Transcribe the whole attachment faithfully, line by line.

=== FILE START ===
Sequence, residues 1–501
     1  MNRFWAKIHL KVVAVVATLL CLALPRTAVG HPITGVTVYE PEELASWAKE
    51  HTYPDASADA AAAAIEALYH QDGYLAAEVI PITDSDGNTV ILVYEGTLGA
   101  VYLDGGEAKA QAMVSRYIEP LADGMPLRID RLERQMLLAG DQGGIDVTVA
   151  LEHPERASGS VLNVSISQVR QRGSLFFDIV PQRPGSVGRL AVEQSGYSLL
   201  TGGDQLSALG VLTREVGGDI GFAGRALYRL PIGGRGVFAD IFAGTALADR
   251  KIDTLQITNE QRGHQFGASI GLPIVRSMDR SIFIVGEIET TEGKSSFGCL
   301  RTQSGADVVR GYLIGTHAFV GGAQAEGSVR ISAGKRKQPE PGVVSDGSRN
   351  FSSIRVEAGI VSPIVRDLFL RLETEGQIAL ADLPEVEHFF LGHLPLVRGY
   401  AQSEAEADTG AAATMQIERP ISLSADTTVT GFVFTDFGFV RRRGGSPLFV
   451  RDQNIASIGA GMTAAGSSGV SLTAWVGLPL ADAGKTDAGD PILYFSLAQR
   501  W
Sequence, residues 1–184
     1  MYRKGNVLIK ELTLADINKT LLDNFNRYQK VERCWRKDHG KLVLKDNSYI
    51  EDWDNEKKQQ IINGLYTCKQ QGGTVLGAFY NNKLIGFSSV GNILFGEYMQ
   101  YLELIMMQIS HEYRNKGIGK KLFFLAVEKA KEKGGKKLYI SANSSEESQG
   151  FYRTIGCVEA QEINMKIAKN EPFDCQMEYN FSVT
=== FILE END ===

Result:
Sequence, residues 1–501
     1  MNRFWAKIHL KVVAVVATLL CLALPRTAVG HPITGVTVYE PEELASWAKE
    51  HTYPDASADA AAAAIEALYH QDGYLAAEVI PITDSDGNTV ILVYEGTLGA
   101  VYLDGGEAKA QAMVSRYIEP LADGMPLRID RLERQMLLAG DQGGIDVTVA
   151  LEHPERASGS VLNVSISQVR QRGSLFFDIV PQRPGSVGRL AVEQSGYSLL
   201  TGGDQLSALG VLTREVGGDI GFAGRALYRL PIGGRGVFAD IFAGTALADR
   251  KIDTLQITNE QRGHQFGASI GLPIVRSMDR SIFIVGEIET TEGKSSFGCL
   301  RTQSGADVVR GYLIGTHAFV GGAQAEGSVR ISAGKRKQPE PGVVSDGSRN
   351  FSSIRVEAGI VSPIVRDLFL RLETEGQIAL ADLPEVEHFF LGHLPLVRGY
   401  AQSEAEADTG AAATMQIERP ISLSADTTVT GFVFTDFGFV RRRGGSPLFV
   451  RDQNIASIGA GMTAAGSSGV SLTAWVGLPL ADAGKTDAGD PILYFSLAQR
   501  W
Sequence, residues 1–184
     1  MYRKGNVLIK ELTLADINKT LLDNFNRYQK VERCWRKDHG KLVLKDNSYI
    51  EDWDNEKKQQ IINGLYTCKQ QGGTVLGAFY NNKLIGFSSV GNILFGEYMQ
   101  YLELIMMQIS HEYRNKGIGK KLFFLAVEKA KEKGGKKLYI SANSSEESQG
   151  FYRTIGCVEA QEINMKIAKN EPFDCQMEYN FSVT